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M50 Cinema

Analysis: Exploring the rise and rise of popular genre films
 
You can expect Guardians of the Galaxy: Volume 2 to be top tog – or top alien – at the cinema in Summer

WITH 2008’s Iron Man, Marvel struck upon a winning formula for cinematic super hero adaptations; a scientific formula for printing money, one might say, and one they’ve adhered to as if it were religious doctrine ever since.
After all, if it ain’t broke (and continues smashing box office records), don’t fix it.
In all those years, the comic book giant has hardly put a foot wrong (we’ll forgive 2008’s big, green, angry, gamma-radiated misstep), all thanks to that winning formula.
And what exactly is that formula’s unassailable composition? Epic opening battles, magical McGuffins, affable characters with relatable motivations despite their fantastical situations, great big dollops of humour and, apart from the odd “PG-13” moment, some good, wholesome family entertainment – this is now a Disney cinematic-universe, after all.
Ignoring the occasional dissenting voice, it’s rare that the studio is hit with anything other than critical and commercial success.
Looking back on 1986’s Howard The Duck, the publisher’s first proper foray into theatrical filmmaking (and commonly considered as one of the worst films ever made), this is a near-unbelievable success story.
While Marvel Studios may have given new life to a dying genre, there are those growing weary of their immutable approach.
These naysayers herald its proliferation as the death knell of modern movie-making, decrying cooker-cutter plot after cookie-cutter plot.
The creative minds at DC Comics and Warner Bros chose a different path, going for darker than dark grit with their own “expanded universe” churning out flop after critical flop with Man of Steel, Batman Vs Superman: Dawn of Justice and last year’s great, big star-studded abomination, Suicide Squad.
It seems DC will never manage to ape Marvel’s success, let alone recapture the magic of Christopher Nolan’s Batman trilogy.
However, On the other side of the Marvel cinematic divide, 20th Century Fox have taken the brave step of appealing to those dissenting voices, achieving the seemingly-unachievable with last year’s Deadpool adaptation – the most successful R-rated movie ever made, grossing $746 million at the box office.
Giving the people what the people want, Fox applied a similarly gore-soaked, swear-heavy coat of paint to this month’s Logan, directed by James Mangold.
While not the superhero masterpiece some critics claim it to be, Logan demonstrates how a darker, more mature approach can still capture the superhero essence of the comic book, showing DC how it’s done.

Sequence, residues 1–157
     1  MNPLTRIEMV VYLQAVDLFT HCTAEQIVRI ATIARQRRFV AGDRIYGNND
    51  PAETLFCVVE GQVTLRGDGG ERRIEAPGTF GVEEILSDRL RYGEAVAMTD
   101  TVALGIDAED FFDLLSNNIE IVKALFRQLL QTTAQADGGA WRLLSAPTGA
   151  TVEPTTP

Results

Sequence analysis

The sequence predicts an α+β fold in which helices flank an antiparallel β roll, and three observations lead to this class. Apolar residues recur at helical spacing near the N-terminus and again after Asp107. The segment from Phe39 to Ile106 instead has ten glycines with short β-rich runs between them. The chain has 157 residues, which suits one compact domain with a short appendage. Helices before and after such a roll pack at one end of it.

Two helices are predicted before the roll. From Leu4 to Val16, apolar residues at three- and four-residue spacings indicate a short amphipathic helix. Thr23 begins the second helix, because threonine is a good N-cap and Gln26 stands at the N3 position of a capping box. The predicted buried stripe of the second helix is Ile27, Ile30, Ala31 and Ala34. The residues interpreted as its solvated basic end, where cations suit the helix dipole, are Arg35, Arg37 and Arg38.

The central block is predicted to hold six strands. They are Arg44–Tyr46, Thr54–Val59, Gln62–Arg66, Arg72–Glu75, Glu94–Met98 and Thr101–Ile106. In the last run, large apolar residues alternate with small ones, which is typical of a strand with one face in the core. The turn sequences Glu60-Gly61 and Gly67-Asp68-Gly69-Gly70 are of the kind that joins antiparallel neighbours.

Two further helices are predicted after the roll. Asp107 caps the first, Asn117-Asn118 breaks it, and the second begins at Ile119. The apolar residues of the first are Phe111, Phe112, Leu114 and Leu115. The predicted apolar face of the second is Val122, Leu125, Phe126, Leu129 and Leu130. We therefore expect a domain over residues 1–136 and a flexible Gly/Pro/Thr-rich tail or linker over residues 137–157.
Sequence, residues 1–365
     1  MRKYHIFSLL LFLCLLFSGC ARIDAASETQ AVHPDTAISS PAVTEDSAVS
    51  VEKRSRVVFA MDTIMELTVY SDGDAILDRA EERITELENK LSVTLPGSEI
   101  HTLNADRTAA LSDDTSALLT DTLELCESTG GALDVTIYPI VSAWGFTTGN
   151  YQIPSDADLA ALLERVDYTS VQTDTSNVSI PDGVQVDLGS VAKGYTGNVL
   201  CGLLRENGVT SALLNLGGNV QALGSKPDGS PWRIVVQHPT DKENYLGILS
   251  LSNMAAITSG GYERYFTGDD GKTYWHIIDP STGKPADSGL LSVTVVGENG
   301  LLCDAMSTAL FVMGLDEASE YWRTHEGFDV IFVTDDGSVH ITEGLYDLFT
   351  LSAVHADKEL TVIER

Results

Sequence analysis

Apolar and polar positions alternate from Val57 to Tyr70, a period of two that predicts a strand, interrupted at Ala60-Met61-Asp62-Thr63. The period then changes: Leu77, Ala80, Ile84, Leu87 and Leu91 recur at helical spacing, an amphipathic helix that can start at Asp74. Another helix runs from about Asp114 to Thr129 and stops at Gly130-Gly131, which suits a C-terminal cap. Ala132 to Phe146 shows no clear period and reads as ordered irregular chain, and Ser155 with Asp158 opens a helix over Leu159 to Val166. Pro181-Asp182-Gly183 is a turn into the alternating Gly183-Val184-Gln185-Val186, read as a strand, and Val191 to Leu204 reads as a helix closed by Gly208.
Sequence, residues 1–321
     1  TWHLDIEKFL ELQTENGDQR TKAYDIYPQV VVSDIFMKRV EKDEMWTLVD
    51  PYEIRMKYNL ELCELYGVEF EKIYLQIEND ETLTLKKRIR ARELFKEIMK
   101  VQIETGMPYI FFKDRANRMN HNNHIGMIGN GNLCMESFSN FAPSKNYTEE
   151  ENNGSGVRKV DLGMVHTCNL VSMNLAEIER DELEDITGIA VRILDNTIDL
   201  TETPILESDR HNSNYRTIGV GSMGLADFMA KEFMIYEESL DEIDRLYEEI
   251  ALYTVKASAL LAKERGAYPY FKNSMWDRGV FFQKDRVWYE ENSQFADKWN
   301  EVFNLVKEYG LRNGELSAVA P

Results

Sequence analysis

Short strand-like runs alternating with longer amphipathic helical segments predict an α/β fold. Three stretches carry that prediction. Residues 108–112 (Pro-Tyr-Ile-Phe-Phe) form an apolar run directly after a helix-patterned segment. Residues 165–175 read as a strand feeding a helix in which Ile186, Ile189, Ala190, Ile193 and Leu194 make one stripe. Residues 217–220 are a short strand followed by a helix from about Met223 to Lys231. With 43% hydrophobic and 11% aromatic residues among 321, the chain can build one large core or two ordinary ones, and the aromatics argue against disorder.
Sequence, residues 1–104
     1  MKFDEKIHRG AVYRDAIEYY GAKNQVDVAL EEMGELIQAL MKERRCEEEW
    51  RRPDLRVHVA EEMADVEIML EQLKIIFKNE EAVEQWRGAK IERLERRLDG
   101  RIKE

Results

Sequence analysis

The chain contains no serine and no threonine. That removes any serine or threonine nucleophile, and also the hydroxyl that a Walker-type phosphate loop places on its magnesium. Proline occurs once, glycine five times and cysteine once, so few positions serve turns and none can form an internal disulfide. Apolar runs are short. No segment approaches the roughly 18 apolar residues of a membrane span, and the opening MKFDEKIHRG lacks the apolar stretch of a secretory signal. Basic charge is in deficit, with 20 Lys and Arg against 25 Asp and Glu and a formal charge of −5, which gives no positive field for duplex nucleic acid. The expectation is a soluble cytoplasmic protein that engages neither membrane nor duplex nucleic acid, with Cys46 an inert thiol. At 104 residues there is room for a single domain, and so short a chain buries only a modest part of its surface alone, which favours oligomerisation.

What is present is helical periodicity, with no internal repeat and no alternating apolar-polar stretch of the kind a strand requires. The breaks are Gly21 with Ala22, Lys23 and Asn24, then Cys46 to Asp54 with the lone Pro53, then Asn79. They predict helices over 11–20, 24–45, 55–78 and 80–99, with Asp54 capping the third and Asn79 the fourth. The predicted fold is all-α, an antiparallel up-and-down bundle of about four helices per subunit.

2017 is already shaping up to be a very different year for comic book movies, then. Marvel’s most recent endeavor, Doctor Strange, hinted at what’s to come.
While at its core it may have worn a similar path to previous offerings, Strange’s blend of action and aesthetic was the greatest leap forward Marvel have taken in years.
This year’s Thor: Ragnarok, due for release in October, will be directed by Taika Waititi, who says the studio have allowed him to inject the film with all the offbeat character of his previous two films, What We Do in The Shadows (2014), and Hunt For the Wilderpeople (2016).
The film takes elements from the bizarre, space-opera “Planet Hulk” comic book story.
Thor: Ragnarok won’t be Marvel’s only planet-hopping adventure this year. The studio first learned it could afford to get a little out-there with the surprise success of 2014’s Guardians of The Galaxy, as long as they stuck to their tried-and-tested recipe.
April’s sequel to the film, Vol 2, again directed by James Gun, will see the Guardians return for more space-based madness.
Spider-man: Homecoming, released in July, will rather unbelievably make the bold move of depicting the web-slinger as an actual teenager, making the notion of yet another reboot for the series a bit more intriguing.
On the DC side, June’s Wonder Woman will be the first female-led superhero movie since 2005’s Elektra, and the powers that be at Warner have already stated that November’s Justice League will be a tonally lighter film that Zack Snyder’s other endeavours for the studio.
With all these shake-ups on the horizon, one can’t argue that the industry isn’t taking criticism on board. If anything, 2017 will be a game-changer for comic books movies – an exciting prospect, to say the least.

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